Drift-diffusion models that account for the motion of ion vacancies and electronic charge carriers are important tools for explaining the behaviour, and guiding the development, of metal halide perovskite solar cells. Computing numerical solutions to such models in realistic parameter regimes, where the short Debye lengths give rise to boundary layers in which the solution varies extremely rapidly, is challenging. Two suitable numerical methods, that can effectively cope with the spatial stiffness inherent to such problems, are presented and contrasted (a finite element scheme and a finite difference scheme). Both schemes are based on an appropriate choice of non-uniform spatial grid that allows the solution to be computed accurately in the boundary layers. An adaptive time step is employed in order to combat a second source of stiffness, due to the disparity in timescales between the motion of the ion vacancies and electronic charge carriers. It is found that the finite element scheme provides significantly higher accuracy, in a given compute time, than both the finite difference scheme and some previously used alternatives (Chebfun and pdepe). An example transient sweep of a current-voltage curve for realistic parameter values can be computed using this finite element scheme in only a few seconds on a standard desktop computer.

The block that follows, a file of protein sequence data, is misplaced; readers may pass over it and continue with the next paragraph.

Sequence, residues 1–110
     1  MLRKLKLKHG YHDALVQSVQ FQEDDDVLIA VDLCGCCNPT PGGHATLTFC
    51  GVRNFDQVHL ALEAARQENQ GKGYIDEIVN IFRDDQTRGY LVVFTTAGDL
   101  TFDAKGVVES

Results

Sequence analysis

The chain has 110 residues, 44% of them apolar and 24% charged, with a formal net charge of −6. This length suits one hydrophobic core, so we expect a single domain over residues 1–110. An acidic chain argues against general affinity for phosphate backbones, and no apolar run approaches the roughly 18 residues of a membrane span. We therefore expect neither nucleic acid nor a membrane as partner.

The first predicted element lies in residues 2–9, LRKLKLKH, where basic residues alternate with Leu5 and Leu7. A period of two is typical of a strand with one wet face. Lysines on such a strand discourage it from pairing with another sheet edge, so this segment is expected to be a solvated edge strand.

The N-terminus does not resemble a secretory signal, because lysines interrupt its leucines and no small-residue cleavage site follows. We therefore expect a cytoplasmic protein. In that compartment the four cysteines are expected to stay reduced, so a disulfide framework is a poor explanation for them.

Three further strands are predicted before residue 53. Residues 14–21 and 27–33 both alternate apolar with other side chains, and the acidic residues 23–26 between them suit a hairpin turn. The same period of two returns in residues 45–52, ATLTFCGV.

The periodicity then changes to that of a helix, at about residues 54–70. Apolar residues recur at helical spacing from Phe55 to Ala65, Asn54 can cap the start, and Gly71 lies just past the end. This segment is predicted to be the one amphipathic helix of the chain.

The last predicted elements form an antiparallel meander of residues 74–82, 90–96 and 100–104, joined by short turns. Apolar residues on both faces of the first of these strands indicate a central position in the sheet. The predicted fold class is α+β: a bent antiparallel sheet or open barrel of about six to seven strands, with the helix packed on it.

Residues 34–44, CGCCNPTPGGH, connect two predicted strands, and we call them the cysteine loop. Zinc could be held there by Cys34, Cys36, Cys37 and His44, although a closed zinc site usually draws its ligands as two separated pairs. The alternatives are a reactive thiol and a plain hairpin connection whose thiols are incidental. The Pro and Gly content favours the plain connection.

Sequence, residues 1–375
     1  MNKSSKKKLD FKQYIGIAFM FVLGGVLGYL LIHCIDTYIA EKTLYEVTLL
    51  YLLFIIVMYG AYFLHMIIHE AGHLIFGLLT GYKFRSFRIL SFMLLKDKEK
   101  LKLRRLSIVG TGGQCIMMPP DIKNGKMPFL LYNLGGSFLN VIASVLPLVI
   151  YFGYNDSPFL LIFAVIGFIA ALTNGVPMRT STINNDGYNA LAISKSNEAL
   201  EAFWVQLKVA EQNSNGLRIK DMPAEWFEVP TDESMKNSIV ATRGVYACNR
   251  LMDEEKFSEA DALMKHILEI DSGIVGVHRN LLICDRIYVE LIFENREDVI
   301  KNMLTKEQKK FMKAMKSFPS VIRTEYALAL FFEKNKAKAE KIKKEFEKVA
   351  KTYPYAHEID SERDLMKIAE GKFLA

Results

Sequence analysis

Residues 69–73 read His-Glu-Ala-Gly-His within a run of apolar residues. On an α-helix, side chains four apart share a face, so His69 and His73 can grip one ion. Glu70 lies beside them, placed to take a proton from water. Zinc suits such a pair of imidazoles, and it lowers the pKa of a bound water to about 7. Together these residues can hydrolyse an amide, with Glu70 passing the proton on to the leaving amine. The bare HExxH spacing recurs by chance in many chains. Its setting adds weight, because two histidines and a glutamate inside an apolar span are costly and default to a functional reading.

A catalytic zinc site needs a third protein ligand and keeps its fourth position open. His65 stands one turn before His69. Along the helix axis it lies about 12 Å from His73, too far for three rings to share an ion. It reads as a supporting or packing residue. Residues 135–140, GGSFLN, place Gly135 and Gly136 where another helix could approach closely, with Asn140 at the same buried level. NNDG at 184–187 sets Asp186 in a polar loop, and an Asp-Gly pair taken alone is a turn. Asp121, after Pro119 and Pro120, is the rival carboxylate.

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Courtier, N. E. (Creator), Richardson, G. (Creator) & Foster, J. (Creator), Elsevier BV, 3 Jul 2018